Crash in Cane Grove highlights seriousness of stray cattle problem
(Warning: This post contains images that some viewers might find disturbing.)
The serious dangers that stray ruminants, cattle in particular, pose to motorists and pedestrians came to a head last Tuesday night in Cane Grove.
A motorist was left with a severely damaged minivan, HT786, after he crashed into a yearling heifer, killing it, along the stretch of road between Duncan’s Furniture and the service station in Cane Grove, an upscale community between Rillan Hill and Buccament Bay.
And almost 12 hours after the incident, the motorist was no closer to knowing who the owner of the dead heifer was, even as many passers-by speculated that it belongs to a farmer in the area who is notorious for disowning his animals when vehicles crash into them.
The man told iWitness News on Wednesday that when he left the scene to go and report the incident to police, someone chopped off a hindquarter of the animal.
The carcass also had signs of attempts to remove one of the front shoulders.
The young cattle was lying at the side of the road up to 7 a.m. as the driver wondered whether he should give up on trying to find the owner of the animal and claim on his insurance, which could result in him paying a higher premium for the next period.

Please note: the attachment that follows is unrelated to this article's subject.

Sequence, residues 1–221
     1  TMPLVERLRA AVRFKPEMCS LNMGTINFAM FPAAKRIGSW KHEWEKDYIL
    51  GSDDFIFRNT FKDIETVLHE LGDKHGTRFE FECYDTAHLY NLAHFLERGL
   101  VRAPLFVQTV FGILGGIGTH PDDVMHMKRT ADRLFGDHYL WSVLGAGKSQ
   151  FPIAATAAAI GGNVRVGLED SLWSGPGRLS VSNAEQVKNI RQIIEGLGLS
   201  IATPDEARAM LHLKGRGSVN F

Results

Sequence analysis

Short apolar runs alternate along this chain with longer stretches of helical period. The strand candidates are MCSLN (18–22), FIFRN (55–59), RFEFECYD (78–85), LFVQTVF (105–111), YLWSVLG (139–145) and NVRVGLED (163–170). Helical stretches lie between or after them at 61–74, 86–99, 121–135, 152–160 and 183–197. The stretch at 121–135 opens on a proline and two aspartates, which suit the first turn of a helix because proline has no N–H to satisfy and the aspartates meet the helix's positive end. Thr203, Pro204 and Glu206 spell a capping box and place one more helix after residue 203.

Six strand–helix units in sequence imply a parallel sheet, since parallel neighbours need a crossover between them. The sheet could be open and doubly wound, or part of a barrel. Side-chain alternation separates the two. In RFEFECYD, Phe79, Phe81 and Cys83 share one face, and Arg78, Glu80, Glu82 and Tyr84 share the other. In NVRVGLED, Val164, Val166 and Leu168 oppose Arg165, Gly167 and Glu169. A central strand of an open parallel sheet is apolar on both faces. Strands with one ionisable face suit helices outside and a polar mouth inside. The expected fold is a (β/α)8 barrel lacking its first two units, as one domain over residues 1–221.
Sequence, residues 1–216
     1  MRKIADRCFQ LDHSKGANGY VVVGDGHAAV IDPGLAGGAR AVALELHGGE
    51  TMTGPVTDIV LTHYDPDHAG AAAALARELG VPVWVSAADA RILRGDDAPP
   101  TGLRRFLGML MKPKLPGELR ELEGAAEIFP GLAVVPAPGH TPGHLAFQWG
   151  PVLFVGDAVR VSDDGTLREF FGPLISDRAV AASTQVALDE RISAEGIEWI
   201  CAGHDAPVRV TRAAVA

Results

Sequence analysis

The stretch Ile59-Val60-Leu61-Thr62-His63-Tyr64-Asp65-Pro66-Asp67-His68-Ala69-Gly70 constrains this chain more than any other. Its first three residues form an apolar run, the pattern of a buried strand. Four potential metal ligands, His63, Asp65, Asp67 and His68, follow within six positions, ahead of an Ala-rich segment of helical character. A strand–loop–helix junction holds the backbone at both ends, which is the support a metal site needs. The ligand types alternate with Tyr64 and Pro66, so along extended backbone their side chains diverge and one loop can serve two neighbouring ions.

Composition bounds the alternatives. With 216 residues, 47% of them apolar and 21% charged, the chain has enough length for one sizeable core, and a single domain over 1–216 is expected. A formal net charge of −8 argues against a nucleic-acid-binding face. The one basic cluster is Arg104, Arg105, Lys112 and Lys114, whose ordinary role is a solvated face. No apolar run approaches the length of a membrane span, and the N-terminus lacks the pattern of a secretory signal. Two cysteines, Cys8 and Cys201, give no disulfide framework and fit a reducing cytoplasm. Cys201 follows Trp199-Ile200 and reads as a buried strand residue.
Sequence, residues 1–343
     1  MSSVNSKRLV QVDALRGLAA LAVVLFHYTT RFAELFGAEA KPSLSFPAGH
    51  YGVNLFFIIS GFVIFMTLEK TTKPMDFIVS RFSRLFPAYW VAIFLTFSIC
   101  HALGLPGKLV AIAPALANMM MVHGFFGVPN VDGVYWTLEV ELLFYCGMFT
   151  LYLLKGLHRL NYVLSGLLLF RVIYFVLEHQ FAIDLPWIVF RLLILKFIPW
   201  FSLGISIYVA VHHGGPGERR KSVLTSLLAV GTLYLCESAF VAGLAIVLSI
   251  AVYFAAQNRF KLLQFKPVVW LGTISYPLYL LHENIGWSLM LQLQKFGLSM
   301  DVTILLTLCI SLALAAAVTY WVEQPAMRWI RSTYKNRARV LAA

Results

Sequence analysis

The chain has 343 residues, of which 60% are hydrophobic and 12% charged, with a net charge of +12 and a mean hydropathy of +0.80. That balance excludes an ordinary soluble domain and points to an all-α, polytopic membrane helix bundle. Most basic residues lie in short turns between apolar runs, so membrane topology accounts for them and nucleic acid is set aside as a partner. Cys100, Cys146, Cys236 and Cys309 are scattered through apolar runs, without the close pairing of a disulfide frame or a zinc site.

Stray cattle is a major problem between Rillan Hill and Buccament, where the road is flanked by pastures for scores, if not hundreds, of cattle, belonging to a family that lives in the area.
The cattle are free roam animals and ever so often, herds of them make their way into the street, creating a hazard for road users, especially at night.
The area of the road where the incident occurred in Pembroke is well lit by streetlights and motorists have a tendency to accelerate along the relatively wide expanse of road.
The driver said that the cattle just emerged on the road as he was driving by.
There was no report of injury to the motorist as a result of the incident.
On Friday, police issued a bulletin, giving the owners of stray animals throughout the St. Vincent and the Grenadines two weeks to have them tied.
“The animals, mainly cows and sheep, are usually untied mainly in the areas of Argyle, Buccament, Diamond and Cane Garden and are seen walking the streets freely.
“This situation creates potential for accidents and against this backdrop, the Police is giving the owners two weeks to have the situation rectified,” police said in a statement issued through the Public Relations and Complaints Department.
“Actions will be taken within the confines of the law if the animals are not tied by the allotted time frame,” police warned.